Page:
For the modern system to get away with its crimes in the Congo and crimes like it across the world, it will have to isolate its victims from the rest of humanity. It will have to convince the rest of us that their suffering should not matter to us. It will have to paint a picture of savages and uncivilized people of the third world who need to be taught our modern concepts of freedom, human rights and democracy in order to move out of the dark ages. This illusion of a civilized “First World” bringing enlightenment to a backwards people has justified most of the genocides and the destruction of cultures in the past 2000 years. In this case, who is the savage? Before the age of the modern system, these same people lived in relative peace and harmony since times immemorial.

Let’s not forget that this region is the home to Humanity’s original civilization. The continent of Merita has been raided by every conqueror who sought glory, fame and power for the past 3000+ years. The current crisis in nothing but the continuation of an age old tradition. The difference between now and 3000 years ago is that before, Kemetic people always regrouped and the invaders were chased from the land. Today, the people have been taken away from their culture and don’t know how to find their way back. Some don’t even want to.

The campaign of terror and destabilization of the Congolese can’t be seen as an isolated incident. Humanity is not isolated as victims of evil. We are all targets. For the modern system to maintain power, it relies on keeping us in such a state of desperation that we have to turn to its institutions for survival, education, spirituality and everything because we are too unstable to maintain our own institutions. How can a people constantly fleeing from armed gangs have any stability. Whether these armed gangs are called Hutus, Tutsis, Ku Klux Klan, Gangster Disciples, the police or the army, the result is the same, people living under constant threat and unable to define their world based on their own values.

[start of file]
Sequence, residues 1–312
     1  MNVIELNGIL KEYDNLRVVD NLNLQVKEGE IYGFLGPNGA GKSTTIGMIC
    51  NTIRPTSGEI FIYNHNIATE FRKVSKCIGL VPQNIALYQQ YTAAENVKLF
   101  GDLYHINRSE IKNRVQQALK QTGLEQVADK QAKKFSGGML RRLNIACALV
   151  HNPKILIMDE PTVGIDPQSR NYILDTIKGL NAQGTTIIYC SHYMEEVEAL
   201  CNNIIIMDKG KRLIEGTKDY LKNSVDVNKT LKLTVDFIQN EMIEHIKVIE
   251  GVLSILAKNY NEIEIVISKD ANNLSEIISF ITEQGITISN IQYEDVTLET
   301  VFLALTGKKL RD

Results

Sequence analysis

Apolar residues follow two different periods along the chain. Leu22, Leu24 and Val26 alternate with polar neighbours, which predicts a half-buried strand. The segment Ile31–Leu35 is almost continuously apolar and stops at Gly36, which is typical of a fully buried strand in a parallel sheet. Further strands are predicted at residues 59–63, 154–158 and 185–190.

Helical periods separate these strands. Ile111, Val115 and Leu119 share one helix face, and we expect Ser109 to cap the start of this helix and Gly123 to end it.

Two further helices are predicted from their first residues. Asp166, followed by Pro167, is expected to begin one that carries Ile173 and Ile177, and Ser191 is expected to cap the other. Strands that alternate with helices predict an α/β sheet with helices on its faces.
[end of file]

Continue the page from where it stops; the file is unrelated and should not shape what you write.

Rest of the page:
If we could fend for ourselves, we would no longer have a use for the modern system. Maybe then we would stop feeding it. On our side, we feed it by funding the conflict in the DRC by buying the products that are made using coltan. On the side of the Congolese, it is fed by mining the coltan and supplying the companies that produce the things we buy. Really, even if we consider ourselves better off, we are in the same position. The position of servitude: slaves. According to Master Naba Lamoussa Morodenibig, living according to other people’s culture and values is slavery. If we see it any other way, we’re fooling ourselves.

The values we are living by are not fit for civilized human beings. They were implanted in us by the agents of evil who hold a sword in one have and a book in the other. Whether we are the victims of the sword or the book, we end up being the next ones to carry the swords and the books, just like the Congolese children who are captured from their schools and forced into the lives of soldiers or prostitutes. Who will be next? Evil is always trying to gain ground. If we want to protect ourselves, we should start with understanding what evil is. That will start with reclaiming our culture and values. Humanity’s culture. Humanity’s values. We will have to follow our roots right back to the birthplace of civilization: Kemet.

Thanks again to Kambale Musavuli of Friends of the Congo for providing information regarding this subject from a Congolese perspective.